A human rights report has documented widespread extortion, armed robbery and kidnapping by police and intelligence officials and militias in Afghanistan. The report accuses the US of supporting some of the worst offenders, and blames all countries for not doing enough to intervene and halt the abuses.
The 101-page report, titled Killing You Is a Very Easy Thing for Us, by the New York-based Human Rights Watch, is a list of violent crimes committed against Afghan civilians in recent months in 12 provinces in eastern and southeastern Afghanistan. It also details threats against journalists, feminists and political activists.
The report, which was to be released yesterday, accused soldiers, police officers, commanders and even current Cabinet ministers of responsibility for much of the violence, which, it said, was occurring across Afghanistan.
The perpetrators are people who came to power after the US-led intervention that overthrew the Taliban government in 2001, and who are now abusing their authority, the report said.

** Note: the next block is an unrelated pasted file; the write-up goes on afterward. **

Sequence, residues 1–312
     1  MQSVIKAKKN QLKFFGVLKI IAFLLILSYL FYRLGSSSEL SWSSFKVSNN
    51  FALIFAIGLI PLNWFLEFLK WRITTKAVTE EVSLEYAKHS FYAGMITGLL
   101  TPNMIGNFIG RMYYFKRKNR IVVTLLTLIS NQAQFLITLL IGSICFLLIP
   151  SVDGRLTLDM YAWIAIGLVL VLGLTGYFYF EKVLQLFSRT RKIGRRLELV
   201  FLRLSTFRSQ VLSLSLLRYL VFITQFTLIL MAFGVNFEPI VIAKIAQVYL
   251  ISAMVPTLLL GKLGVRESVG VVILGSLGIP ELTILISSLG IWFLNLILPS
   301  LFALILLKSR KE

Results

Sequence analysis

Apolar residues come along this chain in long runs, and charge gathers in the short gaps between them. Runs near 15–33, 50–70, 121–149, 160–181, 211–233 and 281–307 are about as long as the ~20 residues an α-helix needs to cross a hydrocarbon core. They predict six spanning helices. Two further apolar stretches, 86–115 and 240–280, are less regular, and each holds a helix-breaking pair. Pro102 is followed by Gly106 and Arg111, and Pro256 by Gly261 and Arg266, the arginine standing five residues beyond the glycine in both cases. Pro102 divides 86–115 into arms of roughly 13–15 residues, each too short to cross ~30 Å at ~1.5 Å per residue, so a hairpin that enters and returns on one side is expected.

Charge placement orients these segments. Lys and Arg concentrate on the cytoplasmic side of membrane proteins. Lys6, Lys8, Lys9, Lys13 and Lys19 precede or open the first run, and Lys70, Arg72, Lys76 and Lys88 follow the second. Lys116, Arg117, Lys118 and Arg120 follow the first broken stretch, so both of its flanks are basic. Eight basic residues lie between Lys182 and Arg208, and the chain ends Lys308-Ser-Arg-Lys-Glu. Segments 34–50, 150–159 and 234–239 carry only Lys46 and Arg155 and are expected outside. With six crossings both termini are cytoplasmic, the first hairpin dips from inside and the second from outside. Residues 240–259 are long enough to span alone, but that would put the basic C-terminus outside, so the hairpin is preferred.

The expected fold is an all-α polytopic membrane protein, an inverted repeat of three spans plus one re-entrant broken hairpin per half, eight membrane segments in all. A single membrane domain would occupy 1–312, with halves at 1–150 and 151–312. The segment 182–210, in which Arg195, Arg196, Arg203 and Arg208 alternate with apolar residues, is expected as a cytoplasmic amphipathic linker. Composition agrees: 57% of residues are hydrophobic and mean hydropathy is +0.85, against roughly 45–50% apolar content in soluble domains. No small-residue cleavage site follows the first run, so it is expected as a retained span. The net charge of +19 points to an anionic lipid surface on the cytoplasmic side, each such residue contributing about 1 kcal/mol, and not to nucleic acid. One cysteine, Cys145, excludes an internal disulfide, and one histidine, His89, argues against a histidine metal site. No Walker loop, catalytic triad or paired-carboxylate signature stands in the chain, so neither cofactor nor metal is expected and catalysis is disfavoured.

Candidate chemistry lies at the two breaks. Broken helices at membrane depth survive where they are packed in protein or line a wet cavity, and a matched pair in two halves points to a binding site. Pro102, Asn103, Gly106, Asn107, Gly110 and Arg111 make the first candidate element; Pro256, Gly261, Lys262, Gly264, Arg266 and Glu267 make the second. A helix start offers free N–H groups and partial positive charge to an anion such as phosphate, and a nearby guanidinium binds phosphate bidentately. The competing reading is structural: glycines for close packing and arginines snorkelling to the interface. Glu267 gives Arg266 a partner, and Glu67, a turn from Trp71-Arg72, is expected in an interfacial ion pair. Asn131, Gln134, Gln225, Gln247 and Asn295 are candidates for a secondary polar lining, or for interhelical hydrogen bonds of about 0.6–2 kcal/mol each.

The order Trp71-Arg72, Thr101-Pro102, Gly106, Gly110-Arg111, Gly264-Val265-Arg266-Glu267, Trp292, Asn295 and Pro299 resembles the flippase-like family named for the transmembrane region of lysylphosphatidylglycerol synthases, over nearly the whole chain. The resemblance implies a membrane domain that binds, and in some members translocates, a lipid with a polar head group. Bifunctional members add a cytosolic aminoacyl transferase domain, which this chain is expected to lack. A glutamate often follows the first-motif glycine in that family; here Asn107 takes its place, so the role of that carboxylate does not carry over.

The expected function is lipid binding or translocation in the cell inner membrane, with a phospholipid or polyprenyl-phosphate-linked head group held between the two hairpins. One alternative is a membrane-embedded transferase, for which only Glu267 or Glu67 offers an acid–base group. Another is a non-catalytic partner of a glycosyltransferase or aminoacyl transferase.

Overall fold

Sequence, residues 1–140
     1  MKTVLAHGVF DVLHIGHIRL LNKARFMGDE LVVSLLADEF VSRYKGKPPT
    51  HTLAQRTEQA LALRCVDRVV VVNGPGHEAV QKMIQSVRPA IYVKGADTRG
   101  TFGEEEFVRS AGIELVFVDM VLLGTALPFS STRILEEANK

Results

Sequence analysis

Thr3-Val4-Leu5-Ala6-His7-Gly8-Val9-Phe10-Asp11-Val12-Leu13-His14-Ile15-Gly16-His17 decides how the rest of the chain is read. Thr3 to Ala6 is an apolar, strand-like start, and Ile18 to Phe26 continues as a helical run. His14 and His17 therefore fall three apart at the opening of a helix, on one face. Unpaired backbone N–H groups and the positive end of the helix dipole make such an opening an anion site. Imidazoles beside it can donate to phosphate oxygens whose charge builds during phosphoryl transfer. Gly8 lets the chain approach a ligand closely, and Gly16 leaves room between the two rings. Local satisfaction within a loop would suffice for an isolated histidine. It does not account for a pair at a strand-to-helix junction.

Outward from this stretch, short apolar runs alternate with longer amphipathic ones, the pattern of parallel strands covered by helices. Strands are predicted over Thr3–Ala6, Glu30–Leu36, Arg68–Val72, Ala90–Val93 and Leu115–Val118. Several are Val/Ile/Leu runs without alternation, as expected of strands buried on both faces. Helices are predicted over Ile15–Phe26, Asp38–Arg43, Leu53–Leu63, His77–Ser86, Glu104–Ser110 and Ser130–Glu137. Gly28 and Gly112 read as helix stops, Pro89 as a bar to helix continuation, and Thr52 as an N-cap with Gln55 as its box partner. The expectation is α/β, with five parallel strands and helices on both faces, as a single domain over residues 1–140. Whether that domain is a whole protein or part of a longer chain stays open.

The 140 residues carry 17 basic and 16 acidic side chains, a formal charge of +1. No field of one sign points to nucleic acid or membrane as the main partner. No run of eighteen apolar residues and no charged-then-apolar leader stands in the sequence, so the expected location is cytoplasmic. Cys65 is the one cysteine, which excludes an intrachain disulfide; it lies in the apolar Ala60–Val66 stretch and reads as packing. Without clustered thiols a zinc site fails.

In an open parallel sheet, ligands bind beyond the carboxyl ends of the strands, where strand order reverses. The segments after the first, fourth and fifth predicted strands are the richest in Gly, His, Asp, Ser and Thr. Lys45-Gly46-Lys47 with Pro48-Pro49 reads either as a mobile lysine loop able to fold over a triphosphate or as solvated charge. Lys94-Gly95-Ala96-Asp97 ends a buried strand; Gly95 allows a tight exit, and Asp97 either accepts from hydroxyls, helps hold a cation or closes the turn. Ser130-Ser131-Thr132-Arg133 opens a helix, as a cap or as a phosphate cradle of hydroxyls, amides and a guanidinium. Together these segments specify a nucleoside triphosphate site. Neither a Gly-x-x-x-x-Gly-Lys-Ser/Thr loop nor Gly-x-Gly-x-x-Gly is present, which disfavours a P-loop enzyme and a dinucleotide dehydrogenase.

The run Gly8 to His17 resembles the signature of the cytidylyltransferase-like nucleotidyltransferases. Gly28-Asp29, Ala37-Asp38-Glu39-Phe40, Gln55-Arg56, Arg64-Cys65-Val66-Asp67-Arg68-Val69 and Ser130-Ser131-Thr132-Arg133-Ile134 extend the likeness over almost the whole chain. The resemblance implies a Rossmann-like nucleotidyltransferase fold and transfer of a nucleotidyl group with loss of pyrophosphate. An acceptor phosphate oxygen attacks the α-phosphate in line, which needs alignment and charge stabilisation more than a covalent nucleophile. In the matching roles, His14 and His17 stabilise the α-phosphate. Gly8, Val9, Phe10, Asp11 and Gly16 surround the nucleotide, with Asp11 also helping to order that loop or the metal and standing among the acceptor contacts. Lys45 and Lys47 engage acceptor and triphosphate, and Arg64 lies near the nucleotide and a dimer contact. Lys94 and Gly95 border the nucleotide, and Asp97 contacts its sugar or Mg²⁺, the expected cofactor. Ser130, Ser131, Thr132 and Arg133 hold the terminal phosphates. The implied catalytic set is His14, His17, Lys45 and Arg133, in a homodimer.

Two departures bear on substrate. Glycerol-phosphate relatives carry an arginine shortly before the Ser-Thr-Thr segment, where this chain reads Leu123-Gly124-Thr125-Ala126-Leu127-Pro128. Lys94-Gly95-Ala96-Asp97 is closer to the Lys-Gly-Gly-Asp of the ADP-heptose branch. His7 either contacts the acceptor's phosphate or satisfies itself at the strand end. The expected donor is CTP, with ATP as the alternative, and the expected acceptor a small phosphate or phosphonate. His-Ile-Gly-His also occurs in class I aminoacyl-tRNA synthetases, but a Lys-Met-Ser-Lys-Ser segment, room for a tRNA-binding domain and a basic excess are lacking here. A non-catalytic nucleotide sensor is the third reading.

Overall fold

"The United States in particular bears much of the responsibility for the actions of those they have propelled to power, for failing to take steps against other abusive leaders, and for impeding attempts to force them to step aside," it said.
"Their continued funding, joint operations and fraternizing with warlords has sent, at best, mixed messages about their goals and intentions," it said.
In Washington, State Department officials said they had not yet seen the report.
The authors of the report predicted that the warlords and abusive commanders would become more entrenched with time and could threaten the success of President Hamid Karzai's government. The report called for an expansion of the international peacekeeping force and more support for disarmament and demobilization.
"Many of these violations are preventable, but solutions will require the concerted attention and action of international and Afghan authorities alike, which to date has not been sufficiently forthcoming," Human Rights Watch said.
An unidentified editor supplied the title of the report, attributing it to a statement by armed men serving the defense minister, Marshal Muhammad Qasim Fahim, who came to the editor's house after he published a cartoon of Karzai and Fahim.
"They threatened me ... They said: `Look, killing you is a very easy thing for us. Look: We have 30 bullets in our clips. I can shoot all of these 30 bullets into your chest right now, and there is no one who can stop us,'" the editor said in the report.